Table 1 shows month-by-month tabulations of the number of incidents involving U.S. soldiers investigated by mps or cid (upper portion) and charges at arrest (lower portion) across the entire eto. At the war’s end in May 1945, the eto stretched from the United Kingdom across France and the Benelux countries into Germany, Austria, a portion of Czechoslovakia, and a slice of Italy that was temporarily occupied by U.S. troops. The tabulated figures therefore do not include the major body of U.S. troops in Italy, which were under the separate command of the Mediterranean Theater of Operations. The number of troops in the eto at the start of each month is listed in the bottom row.20

Table 1

Frequency of Crime Reports and Charges: U.S. Military Personnel in the European Theater

codecrime reportedmay-45jun-45jul-45aug-45sep-45oct-45nov-45dec-45jan-46feb-46mar-46apr-46may-46jun-46
Homicide    23 36 37 37 28 45 28 17 21 33 27 
Rape    25 25 39 29 26 10 11 18  31 35 
Assault    93 130 115 146 88 76 95 50  51 61 
Other crimes against persons     
Stealing and fraud    112 168 185 207 141 117 55 30  35 32 
U.S. property offenses    68 84 71 52 53 91 40 36  40 33 
1–4 Crimes against persons    147 191 191 218 148 134 134 85  115 123 
5–6 Crimes against property    180 252 256 259 194 208 95 66  75 65 
1–6 Total serious crimes    327 443 447 477 342 342 229 151  190 188 
Other incidents    103 170 132 168 140 155 80 71  95 108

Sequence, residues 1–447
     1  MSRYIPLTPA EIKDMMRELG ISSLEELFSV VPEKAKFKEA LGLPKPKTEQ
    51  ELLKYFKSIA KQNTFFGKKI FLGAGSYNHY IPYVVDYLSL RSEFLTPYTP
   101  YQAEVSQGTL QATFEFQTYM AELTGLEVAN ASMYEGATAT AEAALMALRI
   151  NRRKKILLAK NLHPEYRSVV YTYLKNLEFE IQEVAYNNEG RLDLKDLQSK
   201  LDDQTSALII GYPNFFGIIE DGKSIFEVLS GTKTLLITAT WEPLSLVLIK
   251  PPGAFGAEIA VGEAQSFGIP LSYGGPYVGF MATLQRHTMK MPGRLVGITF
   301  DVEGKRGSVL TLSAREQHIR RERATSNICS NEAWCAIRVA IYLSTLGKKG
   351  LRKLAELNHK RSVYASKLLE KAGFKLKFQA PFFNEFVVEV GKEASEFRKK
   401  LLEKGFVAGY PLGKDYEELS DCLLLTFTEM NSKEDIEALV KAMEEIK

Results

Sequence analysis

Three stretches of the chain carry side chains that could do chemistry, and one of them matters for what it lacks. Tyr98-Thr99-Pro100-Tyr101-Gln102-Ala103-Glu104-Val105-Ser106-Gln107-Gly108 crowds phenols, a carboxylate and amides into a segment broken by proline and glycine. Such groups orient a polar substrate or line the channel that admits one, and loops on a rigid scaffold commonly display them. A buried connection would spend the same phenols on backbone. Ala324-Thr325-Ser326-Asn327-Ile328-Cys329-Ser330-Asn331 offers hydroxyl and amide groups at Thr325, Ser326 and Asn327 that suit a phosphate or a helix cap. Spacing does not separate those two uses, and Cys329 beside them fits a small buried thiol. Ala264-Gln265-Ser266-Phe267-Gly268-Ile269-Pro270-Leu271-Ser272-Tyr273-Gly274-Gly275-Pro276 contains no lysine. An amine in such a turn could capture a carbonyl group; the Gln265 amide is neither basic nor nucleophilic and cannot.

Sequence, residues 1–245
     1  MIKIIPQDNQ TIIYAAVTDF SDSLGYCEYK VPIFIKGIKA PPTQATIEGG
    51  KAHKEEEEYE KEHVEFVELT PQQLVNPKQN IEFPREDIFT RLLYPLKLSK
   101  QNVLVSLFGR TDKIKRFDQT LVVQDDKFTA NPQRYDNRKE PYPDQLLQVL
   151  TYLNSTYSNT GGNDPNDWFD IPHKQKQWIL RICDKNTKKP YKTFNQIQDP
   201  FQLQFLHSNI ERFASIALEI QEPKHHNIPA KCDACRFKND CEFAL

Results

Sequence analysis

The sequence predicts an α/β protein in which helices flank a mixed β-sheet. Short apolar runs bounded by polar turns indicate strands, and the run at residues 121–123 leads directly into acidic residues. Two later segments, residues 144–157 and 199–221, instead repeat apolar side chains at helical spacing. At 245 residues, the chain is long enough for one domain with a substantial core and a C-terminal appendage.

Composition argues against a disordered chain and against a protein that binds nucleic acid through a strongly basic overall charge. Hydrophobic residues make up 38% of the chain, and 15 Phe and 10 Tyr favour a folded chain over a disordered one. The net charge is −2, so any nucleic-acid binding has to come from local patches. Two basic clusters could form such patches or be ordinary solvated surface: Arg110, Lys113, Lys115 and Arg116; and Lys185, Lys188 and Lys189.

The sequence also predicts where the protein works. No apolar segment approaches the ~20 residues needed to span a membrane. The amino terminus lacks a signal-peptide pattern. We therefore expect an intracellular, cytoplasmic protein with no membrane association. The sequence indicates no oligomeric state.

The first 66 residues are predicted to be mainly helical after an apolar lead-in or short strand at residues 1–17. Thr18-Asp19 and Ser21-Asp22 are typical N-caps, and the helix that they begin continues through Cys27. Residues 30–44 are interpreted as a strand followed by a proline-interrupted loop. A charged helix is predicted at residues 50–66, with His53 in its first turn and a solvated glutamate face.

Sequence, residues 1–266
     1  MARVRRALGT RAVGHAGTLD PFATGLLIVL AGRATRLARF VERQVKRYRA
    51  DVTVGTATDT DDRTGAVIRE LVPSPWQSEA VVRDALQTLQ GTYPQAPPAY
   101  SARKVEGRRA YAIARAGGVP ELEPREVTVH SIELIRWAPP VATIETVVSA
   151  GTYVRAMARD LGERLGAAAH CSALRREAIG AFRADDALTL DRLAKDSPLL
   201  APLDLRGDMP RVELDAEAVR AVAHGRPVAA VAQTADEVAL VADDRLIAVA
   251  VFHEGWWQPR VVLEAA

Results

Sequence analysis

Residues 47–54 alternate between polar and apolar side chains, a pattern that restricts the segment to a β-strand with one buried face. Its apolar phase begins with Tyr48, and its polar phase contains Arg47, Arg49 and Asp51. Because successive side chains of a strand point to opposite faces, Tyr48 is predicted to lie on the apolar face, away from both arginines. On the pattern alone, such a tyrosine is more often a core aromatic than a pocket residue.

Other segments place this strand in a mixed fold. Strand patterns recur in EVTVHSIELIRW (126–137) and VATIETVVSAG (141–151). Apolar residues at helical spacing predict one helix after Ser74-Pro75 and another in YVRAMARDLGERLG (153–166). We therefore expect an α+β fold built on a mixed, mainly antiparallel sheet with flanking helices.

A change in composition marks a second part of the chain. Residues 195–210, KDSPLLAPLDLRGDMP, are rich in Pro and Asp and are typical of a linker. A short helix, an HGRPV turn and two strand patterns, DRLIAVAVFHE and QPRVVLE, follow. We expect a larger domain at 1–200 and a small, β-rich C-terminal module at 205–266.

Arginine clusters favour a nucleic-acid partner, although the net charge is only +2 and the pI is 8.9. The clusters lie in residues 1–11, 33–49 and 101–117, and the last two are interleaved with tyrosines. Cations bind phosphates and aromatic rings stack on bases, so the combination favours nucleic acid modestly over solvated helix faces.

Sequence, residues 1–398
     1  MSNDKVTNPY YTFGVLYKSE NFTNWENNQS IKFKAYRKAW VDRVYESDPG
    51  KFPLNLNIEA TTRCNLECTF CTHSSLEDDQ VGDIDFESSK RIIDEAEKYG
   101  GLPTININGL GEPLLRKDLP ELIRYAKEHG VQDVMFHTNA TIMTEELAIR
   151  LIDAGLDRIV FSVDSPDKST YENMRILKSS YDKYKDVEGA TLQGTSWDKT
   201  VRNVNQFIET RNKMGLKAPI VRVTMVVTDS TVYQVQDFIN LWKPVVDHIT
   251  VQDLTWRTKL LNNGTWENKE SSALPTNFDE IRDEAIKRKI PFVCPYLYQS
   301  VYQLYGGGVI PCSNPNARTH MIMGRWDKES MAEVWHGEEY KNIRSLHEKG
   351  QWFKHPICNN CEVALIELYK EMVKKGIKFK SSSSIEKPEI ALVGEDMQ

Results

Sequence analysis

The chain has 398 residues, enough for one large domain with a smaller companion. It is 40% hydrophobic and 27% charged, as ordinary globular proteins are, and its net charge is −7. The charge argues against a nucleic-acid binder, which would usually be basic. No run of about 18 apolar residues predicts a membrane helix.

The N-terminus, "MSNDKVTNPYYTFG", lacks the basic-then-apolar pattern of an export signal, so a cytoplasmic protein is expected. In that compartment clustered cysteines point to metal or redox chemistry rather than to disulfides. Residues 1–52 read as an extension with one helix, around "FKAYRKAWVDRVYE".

1–7 All incidents    430 613 579 645 482 497 309 222  285 296 
 Smith report    586 611 596 697 509 489 318     
 
code charge at arrest may-45 jun-45 jul-45  sep-45    jan-46 feb-46 mar-46 apr-46 may-46 jun-46 
Homicide 72 57 39  13    27 30 12 18 17 15 
Rape 284 74 55  15     15 19 
Assault 244 120 143  75    51 51 18  30 41 
Other crimes against persons 11 24 21      
Stealing and fraud 311 235 106  88    52 18 16  21 19 
U.S. property offenses 111 96 112  52    57 41 22  19 12 
1–4 Crimes against persons 611 275 258  103    85 88 35  62 75 
5–6 Crimes against property 422 331 218  140    109 59 38  40 31 
1–6 Total serious charges 1,033 606 476  243    194 147 73  102 106 
Other charges     71    92 56 40  48 57 
1–7 All charges 1,033 606 476  314    286 203 113  150 163 
      Smith Report 290 314 315 312 252 286 194   
 US Troop Strength (000’s) 3,021 2,812 2,488 2,164 1,795 1,424 936 660 553 493 407 368 329 290 
codecrime reportedmay-45jun-45jul-45aug-45sep-45oct-45nov-45dec-45jan-46feb-46mar-46apr-46may-46jun-46
Homicide    23 36 37 37 28 45 28 17 21 33 27 
Rape    25 25 39 29 26 10 11 18  31 35 
Assault    93 130 115 146 88 76 95 50  51 61 
Other crimes against persons     
Stealing and fraud    112 168 185 207 141 117 55 30  35 32 
U.S. property offenses    68 84 71 52 53 91 40 36  40 33 
1–4 Crimes against persons    147 191 191 218 148 134 134 85  115 123 
5–6 Crimes against property    180 252 256 259 194 208 95 66  75 65 
1–6 Total serious crimes    327 443 447 477 342 342 229 151  190 188 
Other incidents    103 170 132 168 140 155 80 71  95 108 
1–7 All incidents    430 613 579 645 482 497 309 222  285 296 
 Smith report    586 611 596 697 509 489 318